New Partnership to Help Minneapolis' Somali Community with Autism Treatment

Updated: 03/19/2014 7:06 AM By: Brandi Powell

Good news for parents with children who have autism. A new Harvard study shows more high-functioning children with autism are going to college. KSTP reporter Brandi Powell spent some time at a local autism treatment center, and learned the latest on how the Minneapolis Somali community will soon benefit from a first-of-its-kind program.

For the Minneapolis Somali community autism is a foreign concept. "We don't even have a word for autism in our language," Mariam Mohamed said. She's a project consultant. "This is something very hard for our community to understand." Without knowing what it is, how can you combat it? "So imagine how hard that is for mothers," Mohamed said.

Recent research from the University of Minnesota diagnosed autism in one in 32 Somali children ages 7 to 9 in Minneapolis schools. Experts say the research shows the need for early intervention. Beginning April, help will be more available. "We're ready," said Julie Sjordal, St. David's Executive Director. "Our site is ready, we have a solid partnership."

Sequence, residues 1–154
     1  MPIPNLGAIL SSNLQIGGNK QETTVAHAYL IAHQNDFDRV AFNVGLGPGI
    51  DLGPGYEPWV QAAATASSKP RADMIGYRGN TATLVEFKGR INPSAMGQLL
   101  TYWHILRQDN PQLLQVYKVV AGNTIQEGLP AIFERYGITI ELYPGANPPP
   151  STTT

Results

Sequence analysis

KSTP took a tour of St. David's autism treatment center in Minnetonka. Like many autism treatment centers they focus on things like sensory skills and play. "A lot of times we might have different materials in here, like rice, dry beans, different things, snow," said Sarah Rehman, Program Supervisor at the Autism Day Treatment Center in Minnetonka.

"We've got mats, we've got balls, we've got scooter boards, we've got all different types of swings," said Megan Weber Program Supervisor at the new Northeast Minneapolis location.

But they go a step farther, having kids interact with kids who don't have autism. They say that is especially important for developing social skills. "They're able to work on their goals while doing fun activities," Weber said.

Next month, St. David's will replicate itself, in Northeast Minneapolis, partnering with Somali-owned, "Children's Choice Childcare."

The unique paring will provide treatment for kids ages 3 to 4, in a familiar way. "Knowing that someone who looks just like me will be with me, guide me," Izhar Mohamed said. She's a former teacher and will serve as a liaison at the new Northeast Minneapolis location. "Even the child will be able to feel safe, because she dresses like mommy, talks like mommy," Izhar Mohamed added.

"They feel safe and understand, and so this is groundbreaking for the community, absolutely," said Miriam Mohamed. It's a community now better prepared to understand autism, and how to treat it.

The Medica Foundation has provided $175,000 in grant funding to support the development of this project. The program will be funded by commercial insurance and medical assistance, as well as charitable giving from individuals and foundations.

The next step for parents: Contact a St. David's Center navigator at 952-548-8700 to start the assessment process. The assessment process can take up to one month as they work to find the right fit for the child.